EENI Global Business School

European Central Bank. Monetary Union (EU)

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Syllabus of the Subject

Eurozone. European Central Bank. EU Economic and Monetary Union

  1. Introduction to the European Central Bank (EU): the central bank of the world's second largest economy
  2. The European Central Bank and the Economic and Monetary Union
  3. Eurozone
  4. Convergence Criteria
  5. Monetary stability and the European Central Bank
  6. European financial system supervision
  7. Structure of the European Central Bank
  8. Roles of the European System of Central Banks (ESCB) and the Eurosystem
  9. Independence of the European Central Bank
  10. Single Payments Area in Euros
  11. Europe 2020 strategy

Sample - European Central Bank:
European Central Bank (ECB). Eurozone. EU Economic and Monetary Union

The objectives of the subject “European Central Bank (ECB)” are the following:

  1. To understand the role of the European Central Bank in the financial and monetary stability of the EU
  2. To understand the EU Economic and Monetary Union (EMU)
  3. To study the convergence criteria of the Eurozone
  4. To understand the importance of the Eurozone
  5. To analyze the implications for the Eurozone Countries

E-learning Course Master, International Business

The Subject “European Central Bank” belongs to the following Online Programs taught by EENI Global Business School:

Doctorate: World Trade.

Doctorate in International Business (DIB) Online

Masters: International Business, Foreign Trade.

Masters in International Business and Foreign Trade (MIB)

The EU and Their Institutions

Languages: Masters, Doctorate, International Business, English or Study Master Doctorate in International Business in Spanish Banco Central Europeo Study Doctorate in International Business in French Banque centrale européenne Masters Foreign Trade in Portuguese Banco Central Europeu.

Credits of the Subject “European Central Bank”: 1 ECTS

European Single Market

The nineteen countries of the EU that have adopted the Euro as common currency are part of the European Central Bank (ECB) whose main objective is to implement a price stability policy in the Eurozone, seeking to maintain the purchasing power of the euro.

In 1999, the Eurozone and the European Central Bank were established by eleven EU countries (Germany, Austria, Belgium, Spain, Finland, France, Ireland, Italy, Luxembourg, the Netherlands and Portugal), transferring all their monetary policy powers to the European Central Bank.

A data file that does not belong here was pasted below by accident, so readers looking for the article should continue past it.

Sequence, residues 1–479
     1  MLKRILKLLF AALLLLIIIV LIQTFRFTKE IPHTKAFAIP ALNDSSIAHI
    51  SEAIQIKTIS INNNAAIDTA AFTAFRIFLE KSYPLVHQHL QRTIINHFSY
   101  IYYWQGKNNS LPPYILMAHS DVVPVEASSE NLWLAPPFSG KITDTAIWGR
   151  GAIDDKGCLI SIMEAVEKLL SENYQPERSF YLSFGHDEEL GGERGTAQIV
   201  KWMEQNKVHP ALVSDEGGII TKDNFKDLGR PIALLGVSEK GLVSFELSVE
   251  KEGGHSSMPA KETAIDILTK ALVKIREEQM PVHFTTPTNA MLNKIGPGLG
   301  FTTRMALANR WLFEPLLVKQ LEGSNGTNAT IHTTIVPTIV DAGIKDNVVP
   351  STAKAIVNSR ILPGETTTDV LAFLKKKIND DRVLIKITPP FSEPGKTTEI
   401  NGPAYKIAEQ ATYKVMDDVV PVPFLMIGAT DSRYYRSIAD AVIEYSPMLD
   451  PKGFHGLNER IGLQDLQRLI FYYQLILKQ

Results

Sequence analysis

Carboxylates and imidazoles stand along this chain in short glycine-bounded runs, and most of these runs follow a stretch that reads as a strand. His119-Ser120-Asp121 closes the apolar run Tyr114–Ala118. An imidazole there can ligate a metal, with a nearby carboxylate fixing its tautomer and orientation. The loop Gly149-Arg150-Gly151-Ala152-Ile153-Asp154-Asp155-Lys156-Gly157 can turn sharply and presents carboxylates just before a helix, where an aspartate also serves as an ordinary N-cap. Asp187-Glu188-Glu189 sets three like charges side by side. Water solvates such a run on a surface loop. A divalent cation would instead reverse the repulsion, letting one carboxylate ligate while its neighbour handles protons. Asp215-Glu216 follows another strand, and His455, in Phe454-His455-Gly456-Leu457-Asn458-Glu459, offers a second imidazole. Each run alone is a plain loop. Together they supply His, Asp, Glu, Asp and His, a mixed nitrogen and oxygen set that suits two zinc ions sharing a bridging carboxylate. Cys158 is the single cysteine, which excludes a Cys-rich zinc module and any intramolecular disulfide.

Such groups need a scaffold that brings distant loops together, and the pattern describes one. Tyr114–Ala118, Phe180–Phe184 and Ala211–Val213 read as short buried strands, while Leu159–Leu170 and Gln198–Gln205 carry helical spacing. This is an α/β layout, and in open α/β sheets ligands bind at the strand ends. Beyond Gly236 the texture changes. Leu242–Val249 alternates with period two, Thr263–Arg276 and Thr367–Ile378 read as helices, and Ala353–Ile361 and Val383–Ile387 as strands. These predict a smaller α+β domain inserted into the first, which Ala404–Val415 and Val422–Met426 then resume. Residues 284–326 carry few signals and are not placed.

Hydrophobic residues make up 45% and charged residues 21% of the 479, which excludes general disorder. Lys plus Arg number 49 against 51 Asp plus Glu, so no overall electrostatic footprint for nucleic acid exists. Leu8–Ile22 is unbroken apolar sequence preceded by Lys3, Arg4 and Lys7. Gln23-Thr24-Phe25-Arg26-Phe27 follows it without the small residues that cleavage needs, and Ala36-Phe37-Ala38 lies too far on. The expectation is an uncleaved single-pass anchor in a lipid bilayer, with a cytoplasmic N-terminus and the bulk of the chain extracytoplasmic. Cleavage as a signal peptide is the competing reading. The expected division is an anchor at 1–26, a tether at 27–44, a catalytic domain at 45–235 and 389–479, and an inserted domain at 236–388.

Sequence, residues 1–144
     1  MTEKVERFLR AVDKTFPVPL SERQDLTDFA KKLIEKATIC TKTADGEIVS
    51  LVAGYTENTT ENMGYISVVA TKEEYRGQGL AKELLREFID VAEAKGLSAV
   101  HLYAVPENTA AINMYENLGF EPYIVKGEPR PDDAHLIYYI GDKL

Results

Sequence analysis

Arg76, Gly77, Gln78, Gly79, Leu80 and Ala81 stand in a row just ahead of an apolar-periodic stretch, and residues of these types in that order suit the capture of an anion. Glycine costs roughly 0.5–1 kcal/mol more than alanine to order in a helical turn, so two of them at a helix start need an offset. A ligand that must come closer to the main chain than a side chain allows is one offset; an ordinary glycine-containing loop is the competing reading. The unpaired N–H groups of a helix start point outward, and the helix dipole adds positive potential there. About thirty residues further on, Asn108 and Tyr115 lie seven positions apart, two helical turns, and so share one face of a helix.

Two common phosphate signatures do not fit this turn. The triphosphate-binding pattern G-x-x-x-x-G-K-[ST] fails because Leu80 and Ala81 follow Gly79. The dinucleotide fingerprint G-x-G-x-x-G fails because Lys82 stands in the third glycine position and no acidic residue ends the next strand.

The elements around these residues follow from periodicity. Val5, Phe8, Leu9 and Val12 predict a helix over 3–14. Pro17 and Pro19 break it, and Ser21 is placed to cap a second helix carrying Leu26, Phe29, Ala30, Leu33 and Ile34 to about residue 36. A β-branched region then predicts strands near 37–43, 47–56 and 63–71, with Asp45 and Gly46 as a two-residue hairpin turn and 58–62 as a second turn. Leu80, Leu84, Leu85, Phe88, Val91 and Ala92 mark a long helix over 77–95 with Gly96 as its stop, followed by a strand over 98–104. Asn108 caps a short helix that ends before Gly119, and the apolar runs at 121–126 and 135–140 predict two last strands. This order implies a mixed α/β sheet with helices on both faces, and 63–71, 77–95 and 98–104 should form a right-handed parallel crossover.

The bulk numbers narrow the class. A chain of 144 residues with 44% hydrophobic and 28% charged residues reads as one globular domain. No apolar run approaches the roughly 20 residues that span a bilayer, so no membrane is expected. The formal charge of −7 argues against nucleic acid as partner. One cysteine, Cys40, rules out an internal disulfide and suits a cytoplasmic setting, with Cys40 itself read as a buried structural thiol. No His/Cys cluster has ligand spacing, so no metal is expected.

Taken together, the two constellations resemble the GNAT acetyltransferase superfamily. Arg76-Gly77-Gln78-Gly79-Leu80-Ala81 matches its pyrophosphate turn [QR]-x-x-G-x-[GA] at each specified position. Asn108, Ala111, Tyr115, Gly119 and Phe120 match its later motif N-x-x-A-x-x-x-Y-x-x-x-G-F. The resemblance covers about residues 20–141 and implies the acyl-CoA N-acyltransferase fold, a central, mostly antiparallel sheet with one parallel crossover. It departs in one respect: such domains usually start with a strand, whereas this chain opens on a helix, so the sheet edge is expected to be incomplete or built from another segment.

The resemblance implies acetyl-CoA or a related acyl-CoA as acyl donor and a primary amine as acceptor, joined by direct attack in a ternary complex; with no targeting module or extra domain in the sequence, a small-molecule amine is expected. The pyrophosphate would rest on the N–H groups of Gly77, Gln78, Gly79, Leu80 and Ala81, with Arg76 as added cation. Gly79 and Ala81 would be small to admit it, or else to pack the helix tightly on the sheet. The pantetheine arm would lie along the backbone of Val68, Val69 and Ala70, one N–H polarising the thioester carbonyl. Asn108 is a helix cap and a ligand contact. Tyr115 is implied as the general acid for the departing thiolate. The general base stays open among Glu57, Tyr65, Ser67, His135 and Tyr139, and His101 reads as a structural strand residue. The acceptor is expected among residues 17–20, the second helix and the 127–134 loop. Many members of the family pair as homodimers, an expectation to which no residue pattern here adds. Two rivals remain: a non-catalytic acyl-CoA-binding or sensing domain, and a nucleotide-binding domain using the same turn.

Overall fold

Subsequently, the euro area has been expanding:

  1. 2001: Greece
  2. 2007: Slovenia
  3. 2008: Cyprus and Malta
  4. 2009: Slovakia
  5. 2011: Estonia
  6. 2014: Latvia
  7. 2015: Lithuania

Except for Denmark, they have an obligation to adopt the Euro in compliance with the so-called convergence criteria of the EU.

  1. The EU countries that have not yet adopted the Euro are Bulgaria, Croatia, Hungary, Poland, the Czech Republic, Romania and Sweden
  2. The European Central Bank is the only institution that can authorise the issuance of the euro banknote
  3. The headquarters of the European Central Bank is in Frankfurt (Germany)
  4. United Kingdom (non-EU member, BREXIT)

All the central banks of the countries that have adopted the euro form the so-called Eurosystem. The European Central Bank (ECB) is the key institution of the EU's Eurosystem and the Single Supervisory Mechanism (control of the EU credit institutions).

The main body of the European Central Bank is the Governing Council, made up of six members of the Executive Committee and the directors of the nineteen central banks of the Eurozone. Its main mission is to design the Eurozone monetary policy, as well as banking supervision.

(c) EENI Global Business School (1995-2024)
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